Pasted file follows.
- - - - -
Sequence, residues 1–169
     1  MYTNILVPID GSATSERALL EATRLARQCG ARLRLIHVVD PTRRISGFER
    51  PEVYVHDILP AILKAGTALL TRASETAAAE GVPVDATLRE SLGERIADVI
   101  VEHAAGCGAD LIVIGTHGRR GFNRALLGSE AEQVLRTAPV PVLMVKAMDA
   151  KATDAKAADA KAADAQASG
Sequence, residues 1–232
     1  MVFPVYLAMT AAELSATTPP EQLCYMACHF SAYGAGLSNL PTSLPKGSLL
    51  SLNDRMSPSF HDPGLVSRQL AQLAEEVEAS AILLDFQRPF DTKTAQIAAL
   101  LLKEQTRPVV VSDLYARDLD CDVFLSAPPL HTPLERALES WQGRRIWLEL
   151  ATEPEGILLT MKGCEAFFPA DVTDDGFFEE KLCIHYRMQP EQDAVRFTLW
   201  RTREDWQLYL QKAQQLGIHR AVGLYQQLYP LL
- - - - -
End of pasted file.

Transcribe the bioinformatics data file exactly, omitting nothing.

Sequence, residues 1–169
     1  MYTNILVPID GSATSERALL EATRLARQCG ARLRLIHVVD PTRRISGFER
    51  PEVYVHDILP AILKAGTALL TRASETAAAE GVPVDATLRE SLGERIADVI
   101  VEHAAGCGAD LIVIGTHGRR GFNRALLGSE AEQVLRTAPV PVLMVKAMDA
   151  KATDAKAADA KAADAQASG
Sequence, residues 1–232
     1  MVFPVYLAMT AAELSATTPP EQLCYMACHF SAYGAGLSNL PTSLPKGSLL
    51  SLNDRMSPSF HDPGLVSRQL AQLAEEVEAS AILLDFQRPF DTKTAQIAAL
   101  LLKEQTRPVV VSDLYARDLD CDVFLSAPPL HTPLERALES WQGRRIWLEL
   151  ATEPEGILLT MKGCEAFFPA DVTDDGFFEE KLCIHYRMQP EQDAVRFTLW
   201  RTREDWQLYL QKAQQLGIHR AVGLYQQLYP LL